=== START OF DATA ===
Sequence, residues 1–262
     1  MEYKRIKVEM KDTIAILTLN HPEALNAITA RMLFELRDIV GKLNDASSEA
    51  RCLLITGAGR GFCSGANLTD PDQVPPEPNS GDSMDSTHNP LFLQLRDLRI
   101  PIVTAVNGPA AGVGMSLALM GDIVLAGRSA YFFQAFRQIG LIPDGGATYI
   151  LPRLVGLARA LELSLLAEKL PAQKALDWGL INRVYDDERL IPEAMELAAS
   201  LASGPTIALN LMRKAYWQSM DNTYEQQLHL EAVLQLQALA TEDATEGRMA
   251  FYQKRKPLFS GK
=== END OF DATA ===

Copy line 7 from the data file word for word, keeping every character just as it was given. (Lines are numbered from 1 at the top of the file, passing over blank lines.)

   251  FYQKRKPLFS GK